For example, an adult child might try to encourage their bereaved parent by saying that the deceased wouldn’t want their widow to grieve so deeply for them. In effect, the child is denying their parent the freedom to work through the grief at their own pace by making them feel guilty for their sadness.

Well-meaning friends or family sometimes try to help the bereaved stop crying, saying it only makes the situation worse, when in reality tears can be healing.

Either of these situations or other environments that aren’t conducive to a healthy grieving process can call for professional counseling to give the survivor freedom and support to grieve in their own way.

Grief is technically termed “complicated” when it has progressed beyond the bounds of a healthy recovery and has become stagnant or destructive, such as in a major depressive episode. A grief counselor provides professional parameters for understanding the process and helping differentiate between major depression and uncomplicated grief. No matter which condition it is, the counselor can provide treatment.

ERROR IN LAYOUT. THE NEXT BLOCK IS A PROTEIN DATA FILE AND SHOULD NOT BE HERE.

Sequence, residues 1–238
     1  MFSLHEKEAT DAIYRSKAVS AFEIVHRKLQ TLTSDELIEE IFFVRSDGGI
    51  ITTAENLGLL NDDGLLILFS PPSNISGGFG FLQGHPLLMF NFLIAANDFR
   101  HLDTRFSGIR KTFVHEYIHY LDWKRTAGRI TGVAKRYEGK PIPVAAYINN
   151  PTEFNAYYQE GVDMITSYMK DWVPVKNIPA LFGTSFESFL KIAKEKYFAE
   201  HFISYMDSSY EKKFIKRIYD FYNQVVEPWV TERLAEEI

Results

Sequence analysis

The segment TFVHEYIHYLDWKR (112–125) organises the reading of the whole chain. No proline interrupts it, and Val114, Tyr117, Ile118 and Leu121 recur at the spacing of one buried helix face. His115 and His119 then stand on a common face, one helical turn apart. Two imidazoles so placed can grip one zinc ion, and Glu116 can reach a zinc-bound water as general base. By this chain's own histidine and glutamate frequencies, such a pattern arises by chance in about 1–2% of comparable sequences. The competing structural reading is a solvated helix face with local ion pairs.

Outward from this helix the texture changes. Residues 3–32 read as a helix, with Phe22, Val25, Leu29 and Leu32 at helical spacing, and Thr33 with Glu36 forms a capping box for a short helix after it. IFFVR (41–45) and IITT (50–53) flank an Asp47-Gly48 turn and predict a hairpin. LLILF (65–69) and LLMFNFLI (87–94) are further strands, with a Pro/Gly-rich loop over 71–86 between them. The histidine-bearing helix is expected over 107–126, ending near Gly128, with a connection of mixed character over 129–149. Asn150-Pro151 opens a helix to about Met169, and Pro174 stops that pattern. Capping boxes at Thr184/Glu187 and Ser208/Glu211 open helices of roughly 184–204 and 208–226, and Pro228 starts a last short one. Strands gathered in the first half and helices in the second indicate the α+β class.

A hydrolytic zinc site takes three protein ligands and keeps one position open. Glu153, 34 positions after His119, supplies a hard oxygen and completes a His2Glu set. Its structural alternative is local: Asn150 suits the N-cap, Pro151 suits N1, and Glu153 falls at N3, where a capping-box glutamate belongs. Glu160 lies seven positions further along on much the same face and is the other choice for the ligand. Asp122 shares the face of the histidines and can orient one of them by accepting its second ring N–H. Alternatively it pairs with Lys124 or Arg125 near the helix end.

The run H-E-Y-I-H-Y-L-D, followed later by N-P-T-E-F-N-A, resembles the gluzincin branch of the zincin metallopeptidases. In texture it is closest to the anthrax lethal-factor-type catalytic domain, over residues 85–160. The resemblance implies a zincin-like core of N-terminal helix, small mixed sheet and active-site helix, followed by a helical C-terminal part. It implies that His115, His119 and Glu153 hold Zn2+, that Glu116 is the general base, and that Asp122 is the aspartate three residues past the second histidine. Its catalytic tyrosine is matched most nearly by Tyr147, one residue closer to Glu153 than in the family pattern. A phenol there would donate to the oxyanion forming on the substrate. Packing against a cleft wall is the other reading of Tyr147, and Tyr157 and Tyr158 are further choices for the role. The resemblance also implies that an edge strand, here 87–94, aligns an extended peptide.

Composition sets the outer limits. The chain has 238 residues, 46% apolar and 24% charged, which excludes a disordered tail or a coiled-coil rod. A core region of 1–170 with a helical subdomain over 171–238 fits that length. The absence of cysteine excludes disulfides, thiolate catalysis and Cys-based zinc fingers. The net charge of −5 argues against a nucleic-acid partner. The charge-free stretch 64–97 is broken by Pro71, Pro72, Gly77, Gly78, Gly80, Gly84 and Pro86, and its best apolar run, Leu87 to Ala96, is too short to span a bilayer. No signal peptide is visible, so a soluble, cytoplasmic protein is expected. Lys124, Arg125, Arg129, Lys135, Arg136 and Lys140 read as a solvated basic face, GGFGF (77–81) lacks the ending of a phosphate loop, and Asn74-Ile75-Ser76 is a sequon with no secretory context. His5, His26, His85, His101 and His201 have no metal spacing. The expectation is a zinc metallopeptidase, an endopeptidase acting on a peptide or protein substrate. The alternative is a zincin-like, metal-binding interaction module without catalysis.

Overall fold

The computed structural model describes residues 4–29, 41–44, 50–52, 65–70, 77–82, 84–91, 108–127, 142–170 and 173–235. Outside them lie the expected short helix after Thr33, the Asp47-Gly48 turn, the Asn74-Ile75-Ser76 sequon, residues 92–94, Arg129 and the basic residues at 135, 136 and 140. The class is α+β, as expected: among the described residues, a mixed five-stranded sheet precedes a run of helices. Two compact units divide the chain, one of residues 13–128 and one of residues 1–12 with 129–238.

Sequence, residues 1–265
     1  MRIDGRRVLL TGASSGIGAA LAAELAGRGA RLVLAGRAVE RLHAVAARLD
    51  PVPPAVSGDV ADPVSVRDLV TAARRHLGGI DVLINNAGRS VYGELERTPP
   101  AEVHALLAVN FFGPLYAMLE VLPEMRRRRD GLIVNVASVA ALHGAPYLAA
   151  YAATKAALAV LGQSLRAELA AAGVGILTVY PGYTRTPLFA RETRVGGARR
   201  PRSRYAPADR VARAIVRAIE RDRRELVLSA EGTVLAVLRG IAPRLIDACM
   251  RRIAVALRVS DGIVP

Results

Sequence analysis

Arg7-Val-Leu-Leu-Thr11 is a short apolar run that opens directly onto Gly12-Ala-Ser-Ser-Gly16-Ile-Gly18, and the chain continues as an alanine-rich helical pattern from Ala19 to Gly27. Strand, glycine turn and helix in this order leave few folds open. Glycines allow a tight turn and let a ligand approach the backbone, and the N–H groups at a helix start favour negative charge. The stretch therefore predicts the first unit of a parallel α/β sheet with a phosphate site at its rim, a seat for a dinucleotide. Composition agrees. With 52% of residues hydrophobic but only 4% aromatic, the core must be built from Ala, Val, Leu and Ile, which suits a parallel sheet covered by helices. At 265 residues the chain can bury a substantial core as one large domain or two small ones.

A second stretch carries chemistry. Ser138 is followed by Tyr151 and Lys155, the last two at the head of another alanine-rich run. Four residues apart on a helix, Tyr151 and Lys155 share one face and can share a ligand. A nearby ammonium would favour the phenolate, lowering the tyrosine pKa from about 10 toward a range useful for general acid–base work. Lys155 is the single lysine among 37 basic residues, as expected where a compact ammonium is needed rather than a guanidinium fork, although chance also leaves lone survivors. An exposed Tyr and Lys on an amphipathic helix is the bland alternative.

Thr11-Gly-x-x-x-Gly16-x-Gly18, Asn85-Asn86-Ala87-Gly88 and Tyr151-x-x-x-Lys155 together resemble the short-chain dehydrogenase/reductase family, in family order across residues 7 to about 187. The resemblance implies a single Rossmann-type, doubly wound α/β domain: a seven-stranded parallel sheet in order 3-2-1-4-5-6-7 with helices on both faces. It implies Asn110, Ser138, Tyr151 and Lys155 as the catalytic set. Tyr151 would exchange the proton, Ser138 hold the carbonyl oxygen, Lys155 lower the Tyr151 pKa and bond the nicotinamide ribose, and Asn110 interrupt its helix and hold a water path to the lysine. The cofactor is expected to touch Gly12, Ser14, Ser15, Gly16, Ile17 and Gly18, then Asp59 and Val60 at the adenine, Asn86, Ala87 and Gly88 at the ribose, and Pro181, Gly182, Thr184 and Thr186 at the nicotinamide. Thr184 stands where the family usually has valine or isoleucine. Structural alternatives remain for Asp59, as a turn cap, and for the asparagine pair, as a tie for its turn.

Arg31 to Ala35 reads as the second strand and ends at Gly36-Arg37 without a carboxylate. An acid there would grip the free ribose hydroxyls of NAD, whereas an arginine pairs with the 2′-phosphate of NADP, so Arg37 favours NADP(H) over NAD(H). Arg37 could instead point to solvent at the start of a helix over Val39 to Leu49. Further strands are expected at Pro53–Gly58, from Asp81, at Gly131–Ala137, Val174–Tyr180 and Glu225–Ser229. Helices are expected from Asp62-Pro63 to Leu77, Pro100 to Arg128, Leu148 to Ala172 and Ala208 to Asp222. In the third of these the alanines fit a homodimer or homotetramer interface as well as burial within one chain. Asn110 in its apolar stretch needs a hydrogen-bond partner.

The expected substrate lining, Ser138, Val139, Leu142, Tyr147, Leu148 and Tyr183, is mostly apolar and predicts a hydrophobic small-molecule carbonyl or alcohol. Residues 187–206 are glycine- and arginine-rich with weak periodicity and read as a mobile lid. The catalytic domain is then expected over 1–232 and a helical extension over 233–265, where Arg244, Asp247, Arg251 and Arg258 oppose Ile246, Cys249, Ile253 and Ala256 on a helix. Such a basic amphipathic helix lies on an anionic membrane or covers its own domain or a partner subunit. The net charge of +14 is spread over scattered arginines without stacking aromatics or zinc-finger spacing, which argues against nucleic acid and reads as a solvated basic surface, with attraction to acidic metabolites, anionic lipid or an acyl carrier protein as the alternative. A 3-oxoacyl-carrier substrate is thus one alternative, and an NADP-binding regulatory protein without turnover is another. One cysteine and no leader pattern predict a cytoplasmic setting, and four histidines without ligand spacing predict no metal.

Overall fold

How Will a Counselor Help with Grief?

Healing from loss looks different for everyone, but some aspects of grief need to be present for recovery to take place over time. If the survivor has trouble moving through these stages (which do not have to be linear) or does not have a helpful environment, counseling can provide help and support.


Most of us are familiar with the role of denial in the initial loss of a loved one. Coming to terms with the reality of the loss is a crucial step in the grieving process. Denial is an almost involuntary reaction to the intense pain of loss, but eventually, the truth must be accepted for the survivor to function.

Acceptance of the loss must be both emotional and intellectual, happening both in the heart and the mind. The survivor has to acknowledge that their loved one will never come back. This is incredibly painful and heart-rending.

Counseling is a safe, gentle environment in which to work on acceptance, or actualizing the loss. Talk therapy will approach the loss from various angles, including where and how it happened, the experience of the memorial service, and more.

Consciously revisiting the loss helps the survivor to accept its reality. Counseling helps the survivor by providing a private and protected setting for these conversations, which other family members or friends may not want to have.


Experiencing pain is part of acceptance, but it’s also a significant part of the grieving process on its own. Feeling the emotional pain of a loss can be terrifying. In the immediate sense, it might seem more comfortable to stuff it down and pretend it’s not there. But this response usually leads to a much deeper, ongoing pain that is harder to handle.